Connecticut Freedom of Information Act
- 1 Transparency report card
- 2 Features of the law
- 2.1 Declared legal intention
- 2.2 What records are covered?
- 2.3 What agencies are covered?
- 2.4 Who may request records?
- 2.5 Must a purpose be stated?
- 2.6 How can records be used?
- 2.7 Time allowed for response
- 2.8 Fees for records
- 2.9 Role of the Attorney General
- 2.10 Records commissions and ombudsmen
- 3 Open meetings
- 4 See also
- 5 External links
- 6 References
- 7 Relevant legal cases
The Connecticut Freedom of Information Act is a series of laws designed to guarantee that the public has access to public records of governmental bodies in Connecticut. The law was first enacted in 1975.
The Connecticut Open Meetings Law legislates the methods by which public meetings are conducted.
Statutes 1-200 through 1-259 define these transparency laws.
To learn more about how to make a public records request in this state, please see Connecticut FOIA procedures.
Transparency report card
A 2008 study, BGA - Alper Integrity Index, conducted by the Better Government Association and sponsored by Alper Services, ranked Connecticut #14 in the nation with an overall percentage of 57.40%.
A 2007 study, Graded state responsiveness to FOI requests, conducted by BGA and the NFOIC, gave Connecticut 53 points out of a possible 100, a letter grade of "F" and a ranking of 18 out of the 50 states.
Features of the law
- Compare States: Sunshine variations
- Click on the heading to compare your state's law to other state's transparency laws.
Declared legal intention
The Connecticut Freedom of Information Act does not contain a declared legal intention or statement of purpose.
What records are covered?
- See also: Defining public records
"Public records or files" means any recorded data or information relating to the conduct of the public's business prepared, owned, used, received or retained by a public agency, or to which a public agency is entitled to receive a copy by law or contract under section 1-218, whether such data or information be handwritten, typed, tape-recorded, printed, photostated, photographed or recorded by any other method" (Chapter 14, section 1-200).
Exemptions to open records include:
- Preliminary drafts or notes whose disclosure does not outweigh the public benefit of withholding them
- "Personnel or medical files and similar files the disclosure of which would constitute an invasion of personal privacy" (see section 14.1-210.2)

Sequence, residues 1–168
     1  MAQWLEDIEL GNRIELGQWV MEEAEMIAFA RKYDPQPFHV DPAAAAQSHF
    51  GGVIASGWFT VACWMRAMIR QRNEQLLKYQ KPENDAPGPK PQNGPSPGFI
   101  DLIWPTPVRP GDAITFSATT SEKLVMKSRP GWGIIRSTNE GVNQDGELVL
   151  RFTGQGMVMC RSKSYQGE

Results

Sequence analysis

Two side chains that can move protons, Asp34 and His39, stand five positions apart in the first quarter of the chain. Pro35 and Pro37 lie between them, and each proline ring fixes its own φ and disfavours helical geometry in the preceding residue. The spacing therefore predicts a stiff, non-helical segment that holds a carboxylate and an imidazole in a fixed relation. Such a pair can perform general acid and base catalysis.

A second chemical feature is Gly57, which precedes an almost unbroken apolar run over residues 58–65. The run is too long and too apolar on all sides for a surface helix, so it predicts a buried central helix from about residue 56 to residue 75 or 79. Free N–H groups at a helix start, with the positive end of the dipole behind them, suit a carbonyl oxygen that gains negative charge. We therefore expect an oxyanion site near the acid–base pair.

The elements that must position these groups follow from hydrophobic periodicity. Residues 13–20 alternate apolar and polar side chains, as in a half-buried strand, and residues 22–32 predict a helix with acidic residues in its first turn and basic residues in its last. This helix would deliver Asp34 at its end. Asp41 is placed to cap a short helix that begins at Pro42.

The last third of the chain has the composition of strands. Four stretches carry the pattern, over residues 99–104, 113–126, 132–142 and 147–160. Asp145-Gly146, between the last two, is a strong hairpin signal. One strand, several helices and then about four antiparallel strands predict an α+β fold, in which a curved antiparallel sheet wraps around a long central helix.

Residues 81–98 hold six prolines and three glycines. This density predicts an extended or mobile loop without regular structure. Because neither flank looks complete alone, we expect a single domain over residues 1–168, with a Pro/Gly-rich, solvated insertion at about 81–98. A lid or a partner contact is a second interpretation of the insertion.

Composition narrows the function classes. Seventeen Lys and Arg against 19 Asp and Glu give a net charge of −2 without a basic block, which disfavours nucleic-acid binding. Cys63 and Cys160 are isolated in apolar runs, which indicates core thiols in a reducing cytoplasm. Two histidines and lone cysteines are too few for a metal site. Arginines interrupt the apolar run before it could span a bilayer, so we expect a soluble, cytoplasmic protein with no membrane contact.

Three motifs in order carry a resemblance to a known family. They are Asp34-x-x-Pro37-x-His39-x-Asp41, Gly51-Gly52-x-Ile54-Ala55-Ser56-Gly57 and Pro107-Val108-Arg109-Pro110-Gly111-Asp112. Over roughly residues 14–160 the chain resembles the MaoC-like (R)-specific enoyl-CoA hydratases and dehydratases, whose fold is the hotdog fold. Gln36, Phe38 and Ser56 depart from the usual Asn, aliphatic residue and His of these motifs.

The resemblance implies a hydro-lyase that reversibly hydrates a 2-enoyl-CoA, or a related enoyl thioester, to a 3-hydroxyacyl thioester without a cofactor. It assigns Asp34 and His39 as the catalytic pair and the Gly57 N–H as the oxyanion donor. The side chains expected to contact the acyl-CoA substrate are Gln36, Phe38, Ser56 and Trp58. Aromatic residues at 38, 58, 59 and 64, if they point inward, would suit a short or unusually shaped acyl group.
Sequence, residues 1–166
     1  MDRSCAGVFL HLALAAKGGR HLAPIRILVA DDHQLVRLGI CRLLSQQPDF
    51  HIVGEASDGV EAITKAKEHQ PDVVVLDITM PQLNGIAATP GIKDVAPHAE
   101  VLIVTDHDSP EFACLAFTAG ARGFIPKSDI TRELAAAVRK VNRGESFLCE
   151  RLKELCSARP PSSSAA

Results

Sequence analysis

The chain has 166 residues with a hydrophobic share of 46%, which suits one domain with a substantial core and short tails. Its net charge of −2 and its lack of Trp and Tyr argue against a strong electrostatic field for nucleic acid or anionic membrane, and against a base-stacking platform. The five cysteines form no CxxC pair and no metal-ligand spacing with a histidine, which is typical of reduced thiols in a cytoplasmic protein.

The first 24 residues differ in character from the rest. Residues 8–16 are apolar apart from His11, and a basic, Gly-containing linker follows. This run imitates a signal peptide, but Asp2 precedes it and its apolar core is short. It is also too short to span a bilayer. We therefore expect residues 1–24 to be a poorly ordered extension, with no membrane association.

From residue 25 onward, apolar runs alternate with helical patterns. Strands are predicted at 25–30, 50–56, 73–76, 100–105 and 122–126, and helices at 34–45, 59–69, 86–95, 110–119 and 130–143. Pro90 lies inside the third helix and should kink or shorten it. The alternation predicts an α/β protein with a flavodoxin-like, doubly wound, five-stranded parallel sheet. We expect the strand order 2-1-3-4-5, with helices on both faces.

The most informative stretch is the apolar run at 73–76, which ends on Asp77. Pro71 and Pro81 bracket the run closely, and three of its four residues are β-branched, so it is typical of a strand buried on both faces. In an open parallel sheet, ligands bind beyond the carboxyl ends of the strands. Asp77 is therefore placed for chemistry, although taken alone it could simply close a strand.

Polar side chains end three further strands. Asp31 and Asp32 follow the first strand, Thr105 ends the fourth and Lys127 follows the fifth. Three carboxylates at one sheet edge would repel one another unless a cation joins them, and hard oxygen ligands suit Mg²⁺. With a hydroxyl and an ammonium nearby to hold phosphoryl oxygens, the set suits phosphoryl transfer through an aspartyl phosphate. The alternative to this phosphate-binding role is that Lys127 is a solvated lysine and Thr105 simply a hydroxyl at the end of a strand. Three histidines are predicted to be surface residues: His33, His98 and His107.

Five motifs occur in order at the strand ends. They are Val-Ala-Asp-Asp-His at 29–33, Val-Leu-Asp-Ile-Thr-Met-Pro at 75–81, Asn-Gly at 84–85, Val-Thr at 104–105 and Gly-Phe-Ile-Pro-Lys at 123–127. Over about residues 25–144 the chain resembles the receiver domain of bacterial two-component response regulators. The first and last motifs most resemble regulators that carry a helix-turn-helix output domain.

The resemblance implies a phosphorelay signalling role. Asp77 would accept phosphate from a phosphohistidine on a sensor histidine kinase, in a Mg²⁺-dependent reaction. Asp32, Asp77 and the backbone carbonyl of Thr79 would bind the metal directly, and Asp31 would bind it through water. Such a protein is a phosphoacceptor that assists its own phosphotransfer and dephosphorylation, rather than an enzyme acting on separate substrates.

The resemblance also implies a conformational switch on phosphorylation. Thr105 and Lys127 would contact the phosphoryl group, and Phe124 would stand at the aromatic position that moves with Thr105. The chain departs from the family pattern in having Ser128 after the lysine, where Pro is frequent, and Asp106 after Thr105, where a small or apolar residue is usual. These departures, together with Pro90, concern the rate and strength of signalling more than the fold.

- Records of law enforcement agencies which are still currently in pre-trial or trial phase or which would place victims or culprits in danger.
- Strategy or negotiation concerning pending litigation.
- Trade Secrets
- Financial information, freely given and not required by statute
- Licensing tests and statements of personal worth.
- Collective bargaining records and reports.
- Personal information including names and addresses of students enrolled in any school
- Adoption records
- Records of complaints
- Any information that would jeopardize security at corrections facilities, infrastructure, telecommunications or the security of any individuals
- Home addresses of anyone within the Address Confidentiality Program
Connecticut has a legislatively adopted exemption for working papers, with the intention of protecting the free flow of information and opinions. The exemption covers all levels of government, including the executive, legislative, judicial and even local government.
What agencies are covered?
- See also: Defining public body
The FOIA covers almost all political bodies and institutions within Connecticut, including committees, employees and all governmental departments. The exemptions include the Division of Criminal justice and any committee composed of individuals who are outside of the government, which, through petition, has been declared exempt by the Connecticut Freedom of Information Commission (see section 14.1-201 and 1.202).
- See also: Legislatures and transparency
The Connecticut State Legislature is subject to the provisions of the Connecticut Freedom of Information Act according to Connecticut General Statutes 14.1-200.
Privatized governmental agencies
Board of Trustees of Woodstock Academy v. FOIC established that a private entity must:
- perform a public function
- receive public funding
- be controlled or managed by a public entity
- be created by a governmental entity
In order to be considered a public body and be subject to the Freedom of Information Act.